C-3PO and R2-D2 land in a space capsule to bring a message to Oscar the Grouch. Sesame Street is brought to you today by the letters J and Z and the number 4.


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Episode credited cast:
J Train Commentator (voice)
Northern Calloway ...
Kermit the Frog / Ernie / Royal Fireman / Royal Cook (voice)
Bob McGrath ...
Bob (archive footage)
Brian Muehl ...
Lothar the Grouch (voice)
The Hare / Royal Doctor / Royal Postman (voice)
Bert / Grover / The Tortoise / King (voice)


C-3PO and R2-D2 land in a space capsule to bring a message to Oscar the Grouch. Sesame Street is brought to you today by the letters J and Z and the number 4.

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Release Date:

14 February 1980 (USA)  »

Company Credits

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Technical Specs


Sound Mix:


Aspect Ratio:

1.33 : 1
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Did You Know?


Lothar the Grouch: [via hologram] Oscar the Grouch... Oscar the Grouch...
Oscar the Grouch: Eh, speaking. Go ahead, it's your nickle.
Lothar the Grouch: I, Lothar the Grouch from the seventh moon of the planet Zircon have sent this message millions of miles through space for you alone. So listen carefully, I'm gonna say it just once. Oscar the Grouch...
Oscar the Grouch: Yeah?
Lothar the Grouch: Get lost! Heh heh heh.
[hologram fizzles out]
Oscar the Grouch: Man oh man, what do ya know? There is inteligent life in outer space!
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References Star Wars: Episode IV - A New Hope (1977) See more »


It's not Easy Being Green
Performed by Lena Horne and Jim Henson
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User Reviews

How to write for Threepio (and Artoo)
3 January 2010 | by (Rijswijk, ZH, Netherlands) – See all my reviews

Over the years C-3PO has proved himself one of the most difficult Star Wars characters to write for. And this is despite the fact that Threepio has been portrayed by Anthony Daniels in practically all of his TV and film appearances. Maybe it has something to do with the fact that this particular protocol droid was originally written as more of a slick used car salesman instead of a nervous English butler.

The writers of the new CG Clone Wars series have freely admitted to find it difficult getting a grip on the character (though they came close in the 'Bombad Jedi' episode). Before that, Genndy Tartakovsky's Clone Wars micro-series actually had a scene in which Padmé orders the poor accident prone droid to walk straight into a line of fire and almost be blown up. However, when Goldenrod visited Sesame Street together with his counterpart R2-D2 (a remote controlled version, unfortunately not operated by Kenny Baker, though Anthony probably didn't mind), the writers got both mechanicals just right.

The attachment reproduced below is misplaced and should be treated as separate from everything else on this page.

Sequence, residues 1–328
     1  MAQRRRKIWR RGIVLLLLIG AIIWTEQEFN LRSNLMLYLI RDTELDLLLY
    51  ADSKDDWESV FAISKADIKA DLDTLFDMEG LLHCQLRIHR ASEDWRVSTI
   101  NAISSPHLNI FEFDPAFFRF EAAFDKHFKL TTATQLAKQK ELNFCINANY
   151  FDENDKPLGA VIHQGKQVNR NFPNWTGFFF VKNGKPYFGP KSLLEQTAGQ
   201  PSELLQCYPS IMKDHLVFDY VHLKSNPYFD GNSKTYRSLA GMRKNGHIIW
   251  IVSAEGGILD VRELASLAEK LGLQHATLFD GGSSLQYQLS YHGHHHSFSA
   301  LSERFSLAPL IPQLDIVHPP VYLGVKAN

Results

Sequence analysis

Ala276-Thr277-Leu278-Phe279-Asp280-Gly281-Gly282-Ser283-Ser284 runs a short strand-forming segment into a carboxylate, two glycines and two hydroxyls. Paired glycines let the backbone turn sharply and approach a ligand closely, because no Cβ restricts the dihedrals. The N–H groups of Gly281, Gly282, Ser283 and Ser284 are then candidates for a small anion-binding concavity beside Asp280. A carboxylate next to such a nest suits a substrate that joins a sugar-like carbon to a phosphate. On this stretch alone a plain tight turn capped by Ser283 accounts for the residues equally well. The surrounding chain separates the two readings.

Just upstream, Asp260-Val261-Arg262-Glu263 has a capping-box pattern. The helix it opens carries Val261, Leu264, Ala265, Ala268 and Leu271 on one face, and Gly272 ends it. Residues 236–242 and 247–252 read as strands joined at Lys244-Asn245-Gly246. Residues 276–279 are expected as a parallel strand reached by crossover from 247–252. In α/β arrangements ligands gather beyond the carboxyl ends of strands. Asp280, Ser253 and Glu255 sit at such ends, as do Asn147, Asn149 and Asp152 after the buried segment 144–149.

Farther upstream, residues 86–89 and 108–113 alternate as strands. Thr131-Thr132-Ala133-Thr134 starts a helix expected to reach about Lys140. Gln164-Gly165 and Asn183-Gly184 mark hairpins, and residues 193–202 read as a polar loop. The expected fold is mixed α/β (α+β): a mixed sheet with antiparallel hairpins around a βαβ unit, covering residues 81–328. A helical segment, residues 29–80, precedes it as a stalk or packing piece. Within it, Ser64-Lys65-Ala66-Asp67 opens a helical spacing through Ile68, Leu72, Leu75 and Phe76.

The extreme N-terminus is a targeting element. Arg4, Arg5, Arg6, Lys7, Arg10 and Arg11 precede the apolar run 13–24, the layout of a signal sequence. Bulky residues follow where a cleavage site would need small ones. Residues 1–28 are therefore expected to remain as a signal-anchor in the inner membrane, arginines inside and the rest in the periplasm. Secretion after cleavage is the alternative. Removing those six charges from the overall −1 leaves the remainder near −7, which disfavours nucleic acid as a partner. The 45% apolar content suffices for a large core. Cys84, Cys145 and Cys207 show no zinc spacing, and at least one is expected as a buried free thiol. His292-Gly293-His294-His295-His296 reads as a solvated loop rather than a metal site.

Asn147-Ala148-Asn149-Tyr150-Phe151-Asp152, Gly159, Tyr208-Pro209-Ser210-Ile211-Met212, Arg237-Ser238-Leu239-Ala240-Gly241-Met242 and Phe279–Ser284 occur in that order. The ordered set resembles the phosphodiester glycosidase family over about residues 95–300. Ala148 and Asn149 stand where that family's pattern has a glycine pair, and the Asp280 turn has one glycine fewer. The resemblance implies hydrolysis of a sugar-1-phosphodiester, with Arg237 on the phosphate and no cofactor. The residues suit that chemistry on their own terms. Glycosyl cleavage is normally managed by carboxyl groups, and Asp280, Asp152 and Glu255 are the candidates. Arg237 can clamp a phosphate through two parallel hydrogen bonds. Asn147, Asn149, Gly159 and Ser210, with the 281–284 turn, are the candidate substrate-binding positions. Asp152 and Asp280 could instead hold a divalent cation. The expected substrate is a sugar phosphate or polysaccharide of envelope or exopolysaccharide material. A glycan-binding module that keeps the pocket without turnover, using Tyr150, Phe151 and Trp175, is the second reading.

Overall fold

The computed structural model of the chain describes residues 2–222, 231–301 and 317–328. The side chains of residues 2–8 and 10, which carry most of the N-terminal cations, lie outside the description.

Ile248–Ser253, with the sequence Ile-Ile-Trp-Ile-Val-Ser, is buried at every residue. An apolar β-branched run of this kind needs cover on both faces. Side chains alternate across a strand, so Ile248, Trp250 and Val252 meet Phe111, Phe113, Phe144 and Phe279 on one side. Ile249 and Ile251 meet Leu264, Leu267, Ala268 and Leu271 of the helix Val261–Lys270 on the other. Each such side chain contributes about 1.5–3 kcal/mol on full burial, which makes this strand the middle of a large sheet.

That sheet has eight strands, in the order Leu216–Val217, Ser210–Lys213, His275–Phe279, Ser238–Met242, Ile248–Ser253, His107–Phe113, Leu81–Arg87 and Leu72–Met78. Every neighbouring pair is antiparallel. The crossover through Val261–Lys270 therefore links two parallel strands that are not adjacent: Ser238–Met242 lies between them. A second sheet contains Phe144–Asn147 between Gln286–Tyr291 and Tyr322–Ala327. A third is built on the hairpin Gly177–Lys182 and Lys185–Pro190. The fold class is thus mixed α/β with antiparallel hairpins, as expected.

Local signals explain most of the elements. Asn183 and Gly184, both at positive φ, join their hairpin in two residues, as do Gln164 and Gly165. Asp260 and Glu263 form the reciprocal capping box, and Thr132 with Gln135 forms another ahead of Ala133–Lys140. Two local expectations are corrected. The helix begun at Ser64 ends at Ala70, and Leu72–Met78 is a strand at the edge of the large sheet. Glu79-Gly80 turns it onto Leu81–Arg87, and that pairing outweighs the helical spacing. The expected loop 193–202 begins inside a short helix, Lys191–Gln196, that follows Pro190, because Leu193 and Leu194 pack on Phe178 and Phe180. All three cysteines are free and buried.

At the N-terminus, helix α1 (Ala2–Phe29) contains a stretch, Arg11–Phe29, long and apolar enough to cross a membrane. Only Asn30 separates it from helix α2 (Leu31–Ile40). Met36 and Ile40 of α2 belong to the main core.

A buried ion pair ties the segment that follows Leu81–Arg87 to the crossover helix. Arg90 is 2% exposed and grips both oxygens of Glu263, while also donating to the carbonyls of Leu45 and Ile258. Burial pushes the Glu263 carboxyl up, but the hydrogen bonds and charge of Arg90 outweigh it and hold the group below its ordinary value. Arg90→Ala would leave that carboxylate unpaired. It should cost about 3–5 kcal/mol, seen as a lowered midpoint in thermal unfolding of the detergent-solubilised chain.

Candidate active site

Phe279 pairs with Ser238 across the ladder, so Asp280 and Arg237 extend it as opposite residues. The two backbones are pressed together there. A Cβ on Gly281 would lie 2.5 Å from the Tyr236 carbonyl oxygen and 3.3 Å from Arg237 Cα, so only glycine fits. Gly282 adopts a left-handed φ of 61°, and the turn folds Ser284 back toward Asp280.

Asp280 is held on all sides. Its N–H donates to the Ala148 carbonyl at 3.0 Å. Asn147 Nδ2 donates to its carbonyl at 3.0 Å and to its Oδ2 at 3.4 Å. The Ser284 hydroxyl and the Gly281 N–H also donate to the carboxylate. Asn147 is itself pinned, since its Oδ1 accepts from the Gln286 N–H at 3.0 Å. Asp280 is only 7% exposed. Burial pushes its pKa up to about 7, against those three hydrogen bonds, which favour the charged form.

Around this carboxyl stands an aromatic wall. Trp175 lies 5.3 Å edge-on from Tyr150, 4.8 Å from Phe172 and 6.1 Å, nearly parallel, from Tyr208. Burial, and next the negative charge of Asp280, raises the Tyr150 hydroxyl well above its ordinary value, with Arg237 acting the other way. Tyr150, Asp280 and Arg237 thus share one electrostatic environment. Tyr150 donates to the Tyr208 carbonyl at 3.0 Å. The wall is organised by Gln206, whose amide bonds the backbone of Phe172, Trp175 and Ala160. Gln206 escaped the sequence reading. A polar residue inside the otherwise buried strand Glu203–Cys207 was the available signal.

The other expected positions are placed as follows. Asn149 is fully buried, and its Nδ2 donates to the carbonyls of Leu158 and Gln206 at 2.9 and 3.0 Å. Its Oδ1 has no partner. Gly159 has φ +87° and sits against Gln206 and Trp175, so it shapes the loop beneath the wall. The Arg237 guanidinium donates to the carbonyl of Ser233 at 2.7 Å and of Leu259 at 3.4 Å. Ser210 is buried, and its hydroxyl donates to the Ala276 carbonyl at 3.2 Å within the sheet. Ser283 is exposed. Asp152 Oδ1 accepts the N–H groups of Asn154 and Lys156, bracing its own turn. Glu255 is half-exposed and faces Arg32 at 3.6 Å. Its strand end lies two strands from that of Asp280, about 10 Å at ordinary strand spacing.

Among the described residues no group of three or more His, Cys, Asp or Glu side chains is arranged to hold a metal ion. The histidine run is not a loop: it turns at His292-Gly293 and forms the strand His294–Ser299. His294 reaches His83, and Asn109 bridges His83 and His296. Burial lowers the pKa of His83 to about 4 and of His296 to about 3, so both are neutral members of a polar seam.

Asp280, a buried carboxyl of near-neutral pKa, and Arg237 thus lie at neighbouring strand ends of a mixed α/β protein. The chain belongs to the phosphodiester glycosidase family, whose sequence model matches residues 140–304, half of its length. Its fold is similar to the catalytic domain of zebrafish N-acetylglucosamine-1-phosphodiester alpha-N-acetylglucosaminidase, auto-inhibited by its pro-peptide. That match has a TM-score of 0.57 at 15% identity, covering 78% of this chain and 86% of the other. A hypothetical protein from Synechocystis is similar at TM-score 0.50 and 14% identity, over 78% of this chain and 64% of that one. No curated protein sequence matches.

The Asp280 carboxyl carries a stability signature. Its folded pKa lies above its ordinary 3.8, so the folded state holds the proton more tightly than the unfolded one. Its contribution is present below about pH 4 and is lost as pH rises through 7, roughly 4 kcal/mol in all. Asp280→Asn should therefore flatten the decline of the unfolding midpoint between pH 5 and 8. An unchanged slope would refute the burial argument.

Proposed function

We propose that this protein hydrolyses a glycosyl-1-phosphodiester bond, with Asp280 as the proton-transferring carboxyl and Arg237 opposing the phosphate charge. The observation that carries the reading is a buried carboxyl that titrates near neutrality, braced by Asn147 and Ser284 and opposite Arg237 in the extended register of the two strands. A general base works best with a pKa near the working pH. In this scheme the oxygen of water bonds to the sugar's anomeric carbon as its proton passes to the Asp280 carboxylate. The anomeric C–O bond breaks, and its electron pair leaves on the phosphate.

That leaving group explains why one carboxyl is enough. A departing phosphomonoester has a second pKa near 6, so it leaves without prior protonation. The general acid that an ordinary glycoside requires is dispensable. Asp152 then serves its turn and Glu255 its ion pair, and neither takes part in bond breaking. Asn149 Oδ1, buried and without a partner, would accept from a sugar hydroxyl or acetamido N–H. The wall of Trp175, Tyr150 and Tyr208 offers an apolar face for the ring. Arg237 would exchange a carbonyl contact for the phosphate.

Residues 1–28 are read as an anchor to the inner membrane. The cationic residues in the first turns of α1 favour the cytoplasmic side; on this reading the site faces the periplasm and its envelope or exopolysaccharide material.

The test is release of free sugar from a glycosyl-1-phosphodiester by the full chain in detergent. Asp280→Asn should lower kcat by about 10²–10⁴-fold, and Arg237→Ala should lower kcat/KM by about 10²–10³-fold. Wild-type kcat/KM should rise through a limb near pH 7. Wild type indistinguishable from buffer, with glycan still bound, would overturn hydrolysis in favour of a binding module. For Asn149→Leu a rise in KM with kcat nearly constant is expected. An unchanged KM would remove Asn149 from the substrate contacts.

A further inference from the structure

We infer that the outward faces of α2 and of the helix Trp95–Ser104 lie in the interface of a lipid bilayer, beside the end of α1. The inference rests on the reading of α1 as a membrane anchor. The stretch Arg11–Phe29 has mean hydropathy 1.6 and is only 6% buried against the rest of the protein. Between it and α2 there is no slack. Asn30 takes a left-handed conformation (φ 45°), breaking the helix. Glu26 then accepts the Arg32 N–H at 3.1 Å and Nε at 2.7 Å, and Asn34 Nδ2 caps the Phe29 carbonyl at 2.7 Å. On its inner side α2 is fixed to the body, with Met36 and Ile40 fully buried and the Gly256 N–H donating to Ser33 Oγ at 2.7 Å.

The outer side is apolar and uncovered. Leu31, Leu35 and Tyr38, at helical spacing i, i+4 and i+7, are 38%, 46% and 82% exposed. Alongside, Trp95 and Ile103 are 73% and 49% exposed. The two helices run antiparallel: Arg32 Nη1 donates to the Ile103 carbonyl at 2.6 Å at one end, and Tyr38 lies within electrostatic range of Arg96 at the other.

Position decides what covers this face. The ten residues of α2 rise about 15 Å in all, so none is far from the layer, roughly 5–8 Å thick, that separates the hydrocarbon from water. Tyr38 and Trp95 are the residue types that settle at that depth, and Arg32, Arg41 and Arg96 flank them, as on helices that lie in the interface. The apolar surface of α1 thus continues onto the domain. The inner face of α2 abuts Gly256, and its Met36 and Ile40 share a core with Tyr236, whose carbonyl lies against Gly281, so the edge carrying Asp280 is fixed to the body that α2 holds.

This 1980 episode opens as Big Bird spots a spaceship landing behind the fence. It's a slight disappointment that in such an inventive show as Sesame Street, this particular UFO is represented by a formless optical that looks like a swirling light. Trivia lovers take note: part of Bird's dialog can also be heard coming from the TV in E.T. The Extra Terrestrial, though the footage that accompanies it comes from another episode. Of course back in those days, the human inhabitants still thought BB had an overactive imagination, and their first reaction to his story about seeing two mechanical aliens exit a spaceship is to think they are just as imaginary as Mr. Snuffleupagus. They are soon proved wrong however, when both droids stroll by and just like in A New Hope, Artoo has a message to deliver.

The message turns out to be from Lothar the Grouch who hails from the seventh moon of the planet Zurkon. Oscar is the recipient, of course, and as usual he has one of the best lines in the show on receiving it: "Go ahead, it's your nickle!". I love old school telephone humor. Both droids also participate in some educational scenes in which Maria oils various parts of Threepio's anatomy (sounds a bit rude), they show Big Bird that droids are capable of showing emotions and they play a game of Blind Man's Bluff.

It is in the later two sketches that the aforementioned skill with which the writers incorporated Threepio's character is played out to full effect. Threepio tries to get Artoo to show 'anger', but only gets himself worked up instead. He also recalls a time when both of them were 'in the great desert of Callisto'. Must have been during one of their adventures between Star Wars Episodes III and IV, though the writers could possibly be referring to Tatooine, as that planet was never named on screen during A New Hope.

But for me the line that totally nails Mr. C-3PO (as Big Bird calls him) is uttered during the game of Blind Man's Bluff (and I don't mean when Artoo likens it to 'Hide and Go Beep). When a blindfolded Big Bird is spinning himself round, Threepio says 'how exciting'. Isn't it hilarious that 'The Professor', who doesn't like adventures or flying and worries about everything, would think a simple game like this exciting. The pair of them would return again in Episode 1396 (that was the one in which Artoo fell in love with the fire hydrant) and several of their clips were repeated for years to follow afterward. It's a shame the droids never interacted with Sesame Street's own Sam the Robot.

8 out of 10

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